As such, marketplace facilitators are required to register with the Louisiana Sales and Use Tax Commission for Remote Sellers and to collect sales and use taxes on third-party sales. However, the legislation only applies if the facilitator's annual gross revenue from sales into Louisiana on their platform of tangible personal property, digital goods, or services is $100,000 or more, or there are 200 or more separate in-state sales transactions.

The bill was signed by Gov. John Bel Edwards on June 11 and became effective on July 1. This brings Louisiana into line with other states that impose sales tax and have acted to require marketplace facilitators such as Amazon.com Inc. and eBay Inc. to begin collecting state taxes after the U.S. Supreme Court's decision in South Dakota v. Wayfair Inc.,[3] which overturned the long-standing physical presence requirement for nexus upheld by the Supreme Court in Quill Corp. v. North Dakota.[4]

4. Economic nexus? Not so fast.

In Robinson v. Jeopardy Productions Inc.,[5] the Louisiana Court of Appeal for the First Circuit dismissed the Department of Revenue's attempt to impose corporation income and franchise taxes on a California company, Jeopardy Productions, whose only contact with the state was that it indirectly derived revenue from intangible property used in Louisiana.

Jeopardy Productions owned the intangible property related to the "Jeopardy!" television game show — for example, the "Jeopardy!" logo that it licensed to third parties, who subsequently licensed them to Louisiana companies.

In determining that Jeopardy Productions did not meet the minimum contacts requirement of the due process clause, the court noted that Jeopardy had no intentional or direct contact with Louisiana. Its only contact with Louisiana was indirectly through the activities of unrelated third parties that contracted with the entities that Jeopardy licensed the intellectual property to.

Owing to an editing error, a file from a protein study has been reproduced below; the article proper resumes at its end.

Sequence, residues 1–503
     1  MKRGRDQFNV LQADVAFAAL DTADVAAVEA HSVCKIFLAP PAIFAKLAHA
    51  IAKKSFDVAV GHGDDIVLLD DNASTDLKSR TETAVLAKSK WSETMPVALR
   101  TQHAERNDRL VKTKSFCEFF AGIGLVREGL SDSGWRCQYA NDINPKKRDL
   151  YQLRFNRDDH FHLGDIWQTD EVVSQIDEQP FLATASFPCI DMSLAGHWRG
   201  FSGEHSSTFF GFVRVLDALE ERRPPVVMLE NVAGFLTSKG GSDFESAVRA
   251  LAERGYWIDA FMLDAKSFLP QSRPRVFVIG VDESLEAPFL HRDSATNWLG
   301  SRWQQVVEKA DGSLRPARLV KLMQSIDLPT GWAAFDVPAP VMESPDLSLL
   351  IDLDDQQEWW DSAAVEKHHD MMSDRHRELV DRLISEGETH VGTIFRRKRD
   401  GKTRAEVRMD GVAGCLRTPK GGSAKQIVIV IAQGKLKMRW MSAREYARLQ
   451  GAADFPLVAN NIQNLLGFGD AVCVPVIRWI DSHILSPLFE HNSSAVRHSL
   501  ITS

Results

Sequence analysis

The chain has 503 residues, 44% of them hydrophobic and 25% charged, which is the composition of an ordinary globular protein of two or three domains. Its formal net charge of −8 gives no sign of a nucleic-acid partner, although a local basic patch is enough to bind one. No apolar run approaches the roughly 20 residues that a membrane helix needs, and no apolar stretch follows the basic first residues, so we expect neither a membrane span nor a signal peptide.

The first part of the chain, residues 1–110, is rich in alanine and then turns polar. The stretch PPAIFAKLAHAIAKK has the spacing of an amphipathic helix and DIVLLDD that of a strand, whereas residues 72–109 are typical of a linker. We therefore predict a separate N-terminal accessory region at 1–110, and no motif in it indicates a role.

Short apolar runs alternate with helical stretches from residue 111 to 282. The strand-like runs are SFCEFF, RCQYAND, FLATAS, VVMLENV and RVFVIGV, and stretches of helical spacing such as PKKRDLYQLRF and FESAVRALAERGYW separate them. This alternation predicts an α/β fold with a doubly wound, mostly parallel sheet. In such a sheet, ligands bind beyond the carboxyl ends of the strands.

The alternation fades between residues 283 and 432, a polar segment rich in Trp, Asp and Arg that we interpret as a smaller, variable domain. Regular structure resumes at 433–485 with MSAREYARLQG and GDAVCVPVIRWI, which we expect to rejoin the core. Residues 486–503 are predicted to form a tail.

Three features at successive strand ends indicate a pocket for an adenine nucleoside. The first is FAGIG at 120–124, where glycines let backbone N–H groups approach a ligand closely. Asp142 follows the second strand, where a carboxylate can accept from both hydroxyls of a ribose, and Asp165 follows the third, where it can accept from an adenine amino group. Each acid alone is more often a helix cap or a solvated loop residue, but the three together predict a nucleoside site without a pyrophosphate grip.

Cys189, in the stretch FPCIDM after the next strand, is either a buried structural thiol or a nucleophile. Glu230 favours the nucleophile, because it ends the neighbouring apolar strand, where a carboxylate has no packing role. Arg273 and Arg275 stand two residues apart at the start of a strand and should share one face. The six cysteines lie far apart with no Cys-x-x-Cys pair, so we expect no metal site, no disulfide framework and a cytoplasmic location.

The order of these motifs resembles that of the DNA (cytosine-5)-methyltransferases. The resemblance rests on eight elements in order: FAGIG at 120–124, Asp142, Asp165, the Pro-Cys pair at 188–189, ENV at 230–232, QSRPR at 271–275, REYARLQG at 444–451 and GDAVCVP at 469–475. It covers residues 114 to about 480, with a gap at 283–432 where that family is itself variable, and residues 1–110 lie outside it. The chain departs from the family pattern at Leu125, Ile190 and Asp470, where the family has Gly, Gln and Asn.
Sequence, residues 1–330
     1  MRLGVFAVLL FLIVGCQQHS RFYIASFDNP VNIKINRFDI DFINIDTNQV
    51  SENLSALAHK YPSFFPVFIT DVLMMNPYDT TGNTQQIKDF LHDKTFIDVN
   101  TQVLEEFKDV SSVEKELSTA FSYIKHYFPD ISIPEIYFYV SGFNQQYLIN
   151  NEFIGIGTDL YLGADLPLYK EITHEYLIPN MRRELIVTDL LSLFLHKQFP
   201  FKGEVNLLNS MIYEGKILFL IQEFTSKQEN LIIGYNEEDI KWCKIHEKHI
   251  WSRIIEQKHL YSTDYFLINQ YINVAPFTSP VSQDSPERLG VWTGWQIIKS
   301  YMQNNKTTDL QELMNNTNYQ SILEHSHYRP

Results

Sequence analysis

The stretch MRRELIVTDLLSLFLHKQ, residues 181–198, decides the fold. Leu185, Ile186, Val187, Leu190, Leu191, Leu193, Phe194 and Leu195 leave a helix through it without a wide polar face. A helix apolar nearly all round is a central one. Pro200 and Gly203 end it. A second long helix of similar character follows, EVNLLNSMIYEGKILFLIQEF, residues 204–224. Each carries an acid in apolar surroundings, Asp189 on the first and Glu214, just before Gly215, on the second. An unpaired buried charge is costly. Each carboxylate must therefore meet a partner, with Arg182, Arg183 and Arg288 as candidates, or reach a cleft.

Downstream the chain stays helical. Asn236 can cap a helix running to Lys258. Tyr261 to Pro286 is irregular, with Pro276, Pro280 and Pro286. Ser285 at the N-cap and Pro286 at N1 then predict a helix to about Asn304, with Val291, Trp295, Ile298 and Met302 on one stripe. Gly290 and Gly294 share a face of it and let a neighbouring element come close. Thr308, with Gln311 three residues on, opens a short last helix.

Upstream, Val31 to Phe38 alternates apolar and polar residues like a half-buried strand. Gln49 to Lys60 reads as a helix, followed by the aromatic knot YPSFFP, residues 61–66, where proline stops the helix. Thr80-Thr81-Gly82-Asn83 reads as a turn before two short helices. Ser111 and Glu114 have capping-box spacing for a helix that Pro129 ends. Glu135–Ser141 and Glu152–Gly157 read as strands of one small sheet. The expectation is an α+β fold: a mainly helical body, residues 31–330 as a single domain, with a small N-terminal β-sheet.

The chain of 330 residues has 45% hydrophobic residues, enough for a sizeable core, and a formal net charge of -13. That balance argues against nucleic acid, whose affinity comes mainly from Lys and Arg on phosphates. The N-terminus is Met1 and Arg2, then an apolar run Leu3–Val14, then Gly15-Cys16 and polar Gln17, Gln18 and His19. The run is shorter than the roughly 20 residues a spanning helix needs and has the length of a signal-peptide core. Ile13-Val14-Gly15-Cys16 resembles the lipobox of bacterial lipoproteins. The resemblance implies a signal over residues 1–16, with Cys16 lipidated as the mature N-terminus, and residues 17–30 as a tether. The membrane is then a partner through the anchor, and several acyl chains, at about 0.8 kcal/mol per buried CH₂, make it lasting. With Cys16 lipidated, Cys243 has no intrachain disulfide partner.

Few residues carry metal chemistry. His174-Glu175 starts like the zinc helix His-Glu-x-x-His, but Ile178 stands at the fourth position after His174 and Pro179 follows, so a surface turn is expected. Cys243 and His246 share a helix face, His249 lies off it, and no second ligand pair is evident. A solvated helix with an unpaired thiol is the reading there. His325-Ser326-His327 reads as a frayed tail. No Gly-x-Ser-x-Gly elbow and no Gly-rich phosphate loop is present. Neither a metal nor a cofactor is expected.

At present, the department is regularly issuing assessments premised on the assertion of jurisdiction over a number of out-of-state businesses that simply own an interest in an affiliate doing business in Louisiana. If the Jeopardy Productions decision stands, it should give the department pause regarding whether to continue issuing such assessments.

5. Mardi Gras has been canceled for 2021, but not completely.

While this doesn't sound like a tax development, the state and the New Orleans metropolitan area will, in fact, miss out on the annual influx of visitors and the related tax revenue from their spending on hotels, restaurants, daiquiris in to-go cups, feathered masks and stuffed alligators. The impact on tax collections will likely mean bad news for taxpayers in Louisiana.

Tough economic times have, in the past, led to more aggressive state and local tax audits and litigating positions. A bit of good news though, in light of the cancellation of Mardi Gras parades, New Orleanians are still planning to decorate their houses like Mardi Gras floats and will throw beads and trinkets at any passersby. The effort is organized — there will be a map showing all the locations where people will throw Mardi Gras goodies at you if you show up — and is being called the "Krewe of House Floats"!

So, if you're Louisiana resident, come on down and celebrate Mardi Gras in a safe, socially distanced way. Tell your supervisor that it should be a covered business expense and may save your business tax money in the long run!    

Jaye Calhoun is a partner, William Kolarik is special counsel and Michael McLoughlin is of counsel at Kean Miller LLP

Disclosure: Kean Miller filed an amicus brief on behalf of the Louisiana Hotel and Lodging Association and the Greater New Orleans Hotel and Lodging Association in support of the plaintiff-appellant in Jazz Casino Co. LLC v. Bridges.

The opinions expressed are those of the author(s) and do not necessarily reflect the views of the firm, its clients or Portfolio Media Inc., or any of its or their respective affiliates. This article is for general information purposes and is not intended to be and should not be taken as legal advice.

[1] Jazz Casino Co. LLC v. Bridges , 2019 CA 1530 (July 29, 2020).

[2] Normand v. Walmart.com USA LLC , No. 2019-C-00263 (La. 2020).

[3] South Dakota v. Wayfair Inc. , 585 U.S. ___, 138 S. Ct. 2080 (2018).

[4] Quill Corp. v. North Dakota , 504 U.S. 298 (1992).

[5] Robinson v. Jeopardy Productions Inc. , 2019-1095 (La. App. 1st Cir. Oct. 21, 2020) ___ So. 3d ___ (slip op.).